Wool (warp, weft and pile); asymmetrically knotted pile
Textile: L. 98 1/2 in. (250.2 cm)
W. 86 in. (218.4 cm)
Bequest of George Blumenthal, 1941
Not on view
Documents first refer to Cairo as a carpet‑weaving center in the last quarter of the fifteenth century. Carpets of this type figured significantly in Mediterranean commerce and appear in Venetian paintings as early as the sixteenth century. They are characterized by kaleidoscopic profusion of tiny motifs and a limited color range, resulting in an iridescent effect. Production of these so‑called Mamluk carpets continued until the mid-sixteenth century, after the 1517 Ottoman conquest of Egypt.
George and Florence Blumenthal, Paris and New York (by 1935–41; bequeathed to MMA)
Dimand, Maurice S. A Guide to an Exhibition of Oriental Rugs and Textiles. New York: The Metropolitan Museum of Art, 1935. p. 25, ill. fig. 15 (b/w).
Dimand, Maurice S., and Jean Mailey. Oriental Rugs in the Metropolitan Museum of Art. New York: The Metropolitan Museum of Art, 1973. no. 99, pp. 130, 195, ill. fig. 180 (b/w).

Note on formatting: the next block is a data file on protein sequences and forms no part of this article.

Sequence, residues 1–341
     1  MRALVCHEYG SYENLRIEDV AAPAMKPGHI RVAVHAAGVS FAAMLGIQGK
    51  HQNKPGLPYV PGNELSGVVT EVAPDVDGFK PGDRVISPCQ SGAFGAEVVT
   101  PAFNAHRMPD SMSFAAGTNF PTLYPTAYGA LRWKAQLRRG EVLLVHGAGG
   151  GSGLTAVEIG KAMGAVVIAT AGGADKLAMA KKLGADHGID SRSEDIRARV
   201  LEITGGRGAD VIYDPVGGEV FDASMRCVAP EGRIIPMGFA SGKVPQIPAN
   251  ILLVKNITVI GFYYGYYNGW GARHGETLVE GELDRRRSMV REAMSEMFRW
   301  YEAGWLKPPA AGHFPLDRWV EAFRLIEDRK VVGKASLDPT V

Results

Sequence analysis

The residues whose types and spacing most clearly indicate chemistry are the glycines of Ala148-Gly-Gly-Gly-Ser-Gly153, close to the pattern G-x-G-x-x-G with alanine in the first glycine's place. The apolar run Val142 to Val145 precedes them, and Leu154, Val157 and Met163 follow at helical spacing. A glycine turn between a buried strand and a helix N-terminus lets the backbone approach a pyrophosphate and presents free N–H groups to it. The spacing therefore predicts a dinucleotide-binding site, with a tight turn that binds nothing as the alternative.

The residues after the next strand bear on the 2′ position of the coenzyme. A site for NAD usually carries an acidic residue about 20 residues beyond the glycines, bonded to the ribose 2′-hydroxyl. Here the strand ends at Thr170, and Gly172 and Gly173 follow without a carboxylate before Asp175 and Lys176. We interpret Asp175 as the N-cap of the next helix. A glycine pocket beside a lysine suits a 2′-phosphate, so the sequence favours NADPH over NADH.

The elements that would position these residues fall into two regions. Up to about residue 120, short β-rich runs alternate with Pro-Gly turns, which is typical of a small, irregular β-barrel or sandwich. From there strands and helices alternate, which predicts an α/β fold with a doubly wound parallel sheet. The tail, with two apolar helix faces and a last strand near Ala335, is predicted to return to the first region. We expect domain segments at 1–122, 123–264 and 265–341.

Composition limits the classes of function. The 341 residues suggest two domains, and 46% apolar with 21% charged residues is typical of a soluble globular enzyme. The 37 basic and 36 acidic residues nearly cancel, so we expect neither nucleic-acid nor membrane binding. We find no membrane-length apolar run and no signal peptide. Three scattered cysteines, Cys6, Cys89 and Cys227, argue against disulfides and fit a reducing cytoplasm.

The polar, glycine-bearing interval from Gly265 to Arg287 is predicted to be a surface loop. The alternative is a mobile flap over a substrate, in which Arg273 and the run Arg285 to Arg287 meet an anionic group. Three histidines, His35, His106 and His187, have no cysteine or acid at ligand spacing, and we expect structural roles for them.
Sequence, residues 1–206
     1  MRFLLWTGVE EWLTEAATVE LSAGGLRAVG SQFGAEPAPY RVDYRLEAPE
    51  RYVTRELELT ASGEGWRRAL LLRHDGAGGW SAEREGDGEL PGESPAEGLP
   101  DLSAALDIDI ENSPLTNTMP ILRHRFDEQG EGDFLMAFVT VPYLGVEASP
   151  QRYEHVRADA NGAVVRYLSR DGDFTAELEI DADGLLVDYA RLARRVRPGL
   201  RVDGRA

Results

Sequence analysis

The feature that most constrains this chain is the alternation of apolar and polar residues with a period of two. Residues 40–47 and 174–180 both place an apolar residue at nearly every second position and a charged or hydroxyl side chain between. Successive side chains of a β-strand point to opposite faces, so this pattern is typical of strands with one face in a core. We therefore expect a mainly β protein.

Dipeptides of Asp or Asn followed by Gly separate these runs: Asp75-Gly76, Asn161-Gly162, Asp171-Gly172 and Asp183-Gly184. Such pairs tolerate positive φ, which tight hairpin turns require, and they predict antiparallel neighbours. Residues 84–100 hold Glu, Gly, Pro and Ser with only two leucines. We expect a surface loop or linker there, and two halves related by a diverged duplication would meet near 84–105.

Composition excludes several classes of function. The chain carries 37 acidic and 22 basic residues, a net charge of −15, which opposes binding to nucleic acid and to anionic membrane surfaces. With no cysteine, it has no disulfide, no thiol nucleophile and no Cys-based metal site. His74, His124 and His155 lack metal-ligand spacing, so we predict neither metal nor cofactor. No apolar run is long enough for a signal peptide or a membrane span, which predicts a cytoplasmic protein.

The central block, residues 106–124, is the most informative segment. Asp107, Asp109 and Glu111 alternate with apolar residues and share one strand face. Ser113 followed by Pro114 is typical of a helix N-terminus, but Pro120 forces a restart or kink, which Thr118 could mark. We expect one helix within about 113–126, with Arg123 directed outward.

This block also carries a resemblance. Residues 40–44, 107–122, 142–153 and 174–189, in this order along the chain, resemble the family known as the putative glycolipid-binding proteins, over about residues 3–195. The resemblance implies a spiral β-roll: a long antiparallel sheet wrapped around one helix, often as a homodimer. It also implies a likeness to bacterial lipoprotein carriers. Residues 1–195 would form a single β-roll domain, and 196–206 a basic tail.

"Masterpieces from The Metropolitan Museum of Art New York." In The Arts of Islam. Berlin, 1981. no. 64, pp. 162-163, ill. p. 163 (b/w).
The Metropolitan Museum of Art, Daniel S. Walker, Arturo Ponce Guadián, Sussan Babaie, Stefano Carboni, Aimee Froom, Marie Lukens Swietochowski, Tomoko Masuya, Annie Christine Daskalakis-Matthews, Abdallah Kahil, and Rochelle Kessler. "Colegio de San Ildefonso, Septiembre de 1994-Enero de 1995." In Arte Islámico del Museo Metropolitano de Arte de Nueva York. Mexico City: Consejo Nacional para la Cultura y las Artes, 1994. no. 119, pp. 282-283, ill. p. 283 (b/w).